The relationship between alexithymia and salivary cortisol levels in somatoform disorders
Pedrosa Gil, Francisco
Scheidt, Carl Eduard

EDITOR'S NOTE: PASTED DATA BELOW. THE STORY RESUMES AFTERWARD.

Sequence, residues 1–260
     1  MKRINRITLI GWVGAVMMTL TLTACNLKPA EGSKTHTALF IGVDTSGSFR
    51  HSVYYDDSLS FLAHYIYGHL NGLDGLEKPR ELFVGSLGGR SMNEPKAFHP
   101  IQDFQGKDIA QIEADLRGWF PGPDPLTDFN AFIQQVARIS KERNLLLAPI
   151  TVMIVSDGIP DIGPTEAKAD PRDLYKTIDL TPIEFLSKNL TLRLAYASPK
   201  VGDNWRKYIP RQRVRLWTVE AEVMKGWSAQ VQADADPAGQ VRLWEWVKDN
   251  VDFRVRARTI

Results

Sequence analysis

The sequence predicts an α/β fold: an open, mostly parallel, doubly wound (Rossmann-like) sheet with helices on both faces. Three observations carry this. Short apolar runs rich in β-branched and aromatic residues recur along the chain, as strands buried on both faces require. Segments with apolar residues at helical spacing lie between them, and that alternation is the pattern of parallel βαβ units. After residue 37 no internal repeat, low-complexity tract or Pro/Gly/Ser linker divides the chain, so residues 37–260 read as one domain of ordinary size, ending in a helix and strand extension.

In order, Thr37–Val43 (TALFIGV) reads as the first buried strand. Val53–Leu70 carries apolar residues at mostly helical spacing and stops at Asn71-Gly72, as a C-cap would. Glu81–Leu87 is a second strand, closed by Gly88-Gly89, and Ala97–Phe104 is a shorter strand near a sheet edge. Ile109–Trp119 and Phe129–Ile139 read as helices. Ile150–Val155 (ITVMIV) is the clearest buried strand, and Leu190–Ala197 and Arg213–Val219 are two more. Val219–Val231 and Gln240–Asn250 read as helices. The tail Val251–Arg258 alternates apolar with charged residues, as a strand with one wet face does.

The purpose of this study was to investigate cortisol levels as a function of the hypothalamic-pituitary-adrenal axis (HPA) in relation to alexithymia in patients with somatoform disorders (SFD). Diurnal salivary cortisol was sampled in 32 patients with SFD who also underwent a psychiatric examination and filled in questionnaires (Toronto Alexithymia Scale, TAS scale; Screening for Somatoform Symptoms, SOMS scale; Hamilton Depression Scale, HAMD). The mean TAS total score in the sample was 55.69.6, 32% of patients being classified as alexithymic on the basis of their TAS scores. Depression scores were moderate (HAMD=13.2, Beck Depression Inventory, BDI=16.5). The patients' alexithymia scores (TAS scale Difficulty identifying feelings) correlated significantly positively with their somatization scale scores (Symptom Checklist-90 Revised, SCL-90-R); r=0.3438 (P0.05) and their scores on the Global Severity Index (GSI) on the SCL-90-R; r=0.781 (P0.01). Regression analysis was performed with cortisol variables as the dependent variables. Cortisol levels [measured by the area under the curve-ground (AUC-G), area under the curve-increase (AUC-I) and morning cortisol (MCS)] were best predicted in a multiple linear regression model by lower depressive scores (HAMD) and more psychopathological symptoms (SCL-90-R). No significant correlations were found between the patients' alexithymia scores (TAS) and cortisol levels. The healthy control group (n=25) demonstrated significantly higher cortisol levels than did the patients with SFD; in both tests P0.001 for AUC-G and AUC-I. However, the two groups did not differ in terms of their mean morning cortisol levels (P0.05). The results suggest that pre-existing hypocortisolism might possibly be associated with SFD.
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